Here is what JX Valentine told me, use words that you are familiar and understanding with. I mean, if you place random words, you will be confused of how it flows. I usually learn words in my English Class when it comes to defining words, like Labyrinth or Palatial which I found with a dictionary and sentences.


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    My biggest problem is syntax/the flow of sentences. They always feel too bland to me, personally. Also, description doesn't come as naturally to me as I'd like it to.
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    The fact that I find it hard to keep my mind on one mindset, and end up skimping on a story so I can get to a good part. When writing I have that thought that what I'm writing is awesome, but I look back and go, "Wow, this is crap." I guess my problem is that I have trouble making my ideas flow properly from my head to whatever the frack I'm writing.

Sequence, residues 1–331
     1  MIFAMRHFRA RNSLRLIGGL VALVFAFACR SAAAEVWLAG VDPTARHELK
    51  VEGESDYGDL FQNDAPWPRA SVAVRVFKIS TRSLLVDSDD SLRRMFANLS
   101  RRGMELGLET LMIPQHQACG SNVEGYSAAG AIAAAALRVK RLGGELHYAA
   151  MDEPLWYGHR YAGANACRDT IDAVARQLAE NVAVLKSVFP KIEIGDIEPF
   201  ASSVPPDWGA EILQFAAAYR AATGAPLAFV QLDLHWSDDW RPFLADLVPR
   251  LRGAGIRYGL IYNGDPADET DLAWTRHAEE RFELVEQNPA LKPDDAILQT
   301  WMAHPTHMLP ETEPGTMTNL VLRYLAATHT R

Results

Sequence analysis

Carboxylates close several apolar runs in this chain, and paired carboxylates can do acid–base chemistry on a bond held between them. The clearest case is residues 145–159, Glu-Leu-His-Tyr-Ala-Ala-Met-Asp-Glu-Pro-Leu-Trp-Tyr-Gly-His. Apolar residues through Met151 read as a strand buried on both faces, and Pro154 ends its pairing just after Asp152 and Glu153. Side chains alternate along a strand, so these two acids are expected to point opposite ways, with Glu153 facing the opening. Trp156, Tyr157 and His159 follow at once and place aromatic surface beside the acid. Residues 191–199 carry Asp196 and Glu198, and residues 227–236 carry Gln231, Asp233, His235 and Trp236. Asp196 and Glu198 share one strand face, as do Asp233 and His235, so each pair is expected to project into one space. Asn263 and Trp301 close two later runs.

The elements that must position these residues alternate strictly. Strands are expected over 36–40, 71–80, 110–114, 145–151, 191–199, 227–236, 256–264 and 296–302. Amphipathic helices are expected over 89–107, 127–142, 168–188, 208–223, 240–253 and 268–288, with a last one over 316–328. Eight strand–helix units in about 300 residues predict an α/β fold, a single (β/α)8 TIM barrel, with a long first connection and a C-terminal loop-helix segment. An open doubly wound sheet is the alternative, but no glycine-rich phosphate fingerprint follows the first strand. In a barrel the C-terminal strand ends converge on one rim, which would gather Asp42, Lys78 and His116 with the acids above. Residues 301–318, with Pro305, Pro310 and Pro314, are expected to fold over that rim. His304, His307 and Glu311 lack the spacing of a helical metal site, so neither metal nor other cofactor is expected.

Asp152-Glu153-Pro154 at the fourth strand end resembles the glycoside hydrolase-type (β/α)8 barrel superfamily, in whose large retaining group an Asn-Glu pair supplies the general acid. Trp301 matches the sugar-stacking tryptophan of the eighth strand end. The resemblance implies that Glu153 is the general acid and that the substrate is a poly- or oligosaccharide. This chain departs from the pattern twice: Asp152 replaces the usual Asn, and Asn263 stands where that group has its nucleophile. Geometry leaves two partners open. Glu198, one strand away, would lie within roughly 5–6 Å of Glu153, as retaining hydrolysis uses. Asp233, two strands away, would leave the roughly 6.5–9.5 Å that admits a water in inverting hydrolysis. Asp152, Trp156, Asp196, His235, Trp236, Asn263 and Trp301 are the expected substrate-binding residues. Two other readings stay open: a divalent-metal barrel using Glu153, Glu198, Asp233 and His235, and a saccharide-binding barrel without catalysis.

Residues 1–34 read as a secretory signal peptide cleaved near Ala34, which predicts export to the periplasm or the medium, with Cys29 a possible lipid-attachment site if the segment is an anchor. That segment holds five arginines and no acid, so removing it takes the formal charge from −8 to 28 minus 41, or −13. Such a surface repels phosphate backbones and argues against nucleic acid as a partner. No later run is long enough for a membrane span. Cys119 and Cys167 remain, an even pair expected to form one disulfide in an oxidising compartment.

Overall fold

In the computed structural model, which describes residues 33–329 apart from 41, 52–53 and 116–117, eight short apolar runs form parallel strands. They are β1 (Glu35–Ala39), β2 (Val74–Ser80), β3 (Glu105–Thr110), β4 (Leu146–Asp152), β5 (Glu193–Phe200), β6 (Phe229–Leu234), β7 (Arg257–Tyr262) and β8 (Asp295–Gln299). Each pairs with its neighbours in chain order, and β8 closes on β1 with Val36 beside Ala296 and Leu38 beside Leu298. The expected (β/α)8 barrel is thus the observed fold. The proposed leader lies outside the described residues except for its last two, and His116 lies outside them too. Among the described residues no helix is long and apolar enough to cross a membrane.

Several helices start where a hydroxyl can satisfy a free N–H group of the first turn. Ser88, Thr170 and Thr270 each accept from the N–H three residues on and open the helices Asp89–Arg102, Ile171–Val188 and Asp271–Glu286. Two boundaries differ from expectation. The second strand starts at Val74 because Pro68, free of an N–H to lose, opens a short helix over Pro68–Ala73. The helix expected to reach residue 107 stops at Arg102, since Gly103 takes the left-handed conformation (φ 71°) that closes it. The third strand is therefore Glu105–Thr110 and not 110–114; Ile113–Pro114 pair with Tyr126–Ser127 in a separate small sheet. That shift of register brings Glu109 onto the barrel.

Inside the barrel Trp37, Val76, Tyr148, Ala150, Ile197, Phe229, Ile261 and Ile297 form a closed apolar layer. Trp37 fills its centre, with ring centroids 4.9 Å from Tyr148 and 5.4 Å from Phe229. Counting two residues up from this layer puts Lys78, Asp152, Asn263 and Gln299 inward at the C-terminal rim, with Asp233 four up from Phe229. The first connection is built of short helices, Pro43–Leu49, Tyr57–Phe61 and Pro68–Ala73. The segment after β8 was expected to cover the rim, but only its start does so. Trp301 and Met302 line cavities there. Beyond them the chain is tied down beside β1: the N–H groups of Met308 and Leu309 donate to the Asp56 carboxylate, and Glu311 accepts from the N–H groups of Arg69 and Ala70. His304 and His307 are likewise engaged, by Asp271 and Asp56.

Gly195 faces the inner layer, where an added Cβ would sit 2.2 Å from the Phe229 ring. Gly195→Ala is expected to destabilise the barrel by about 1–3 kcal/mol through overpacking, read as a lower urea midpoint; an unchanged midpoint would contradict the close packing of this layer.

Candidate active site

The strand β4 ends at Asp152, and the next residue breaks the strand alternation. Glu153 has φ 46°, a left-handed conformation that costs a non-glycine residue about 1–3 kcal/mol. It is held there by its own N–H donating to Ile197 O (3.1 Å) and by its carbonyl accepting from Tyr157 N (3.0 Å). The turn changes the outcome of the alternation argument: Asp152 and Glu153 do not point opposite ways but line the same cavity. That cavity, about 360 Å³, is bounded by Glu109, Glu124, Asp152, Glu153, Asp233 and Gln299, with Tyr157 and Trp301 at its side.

I also have aweful spelling and grammer skills, even though I am a huge grammer nazi to people. Hypocrite much?

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    Quote Originally Posted by Quilava42 View Post
    Here is what JX Valentine told me, use words that you are familiar and understanding with. I mean, if you place random words, you will be confused of how it flows. I usually learn words in my English Class when it comes to defining words, like Labyrinth or Palatial which I found with a dictionary and sentences.
    Ah alright then, I mean I do that, but at times it just feels like I need to put in a different word that can help improve my fic in some way

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    Quote Originally Posted by Aura Guardian Ash View Post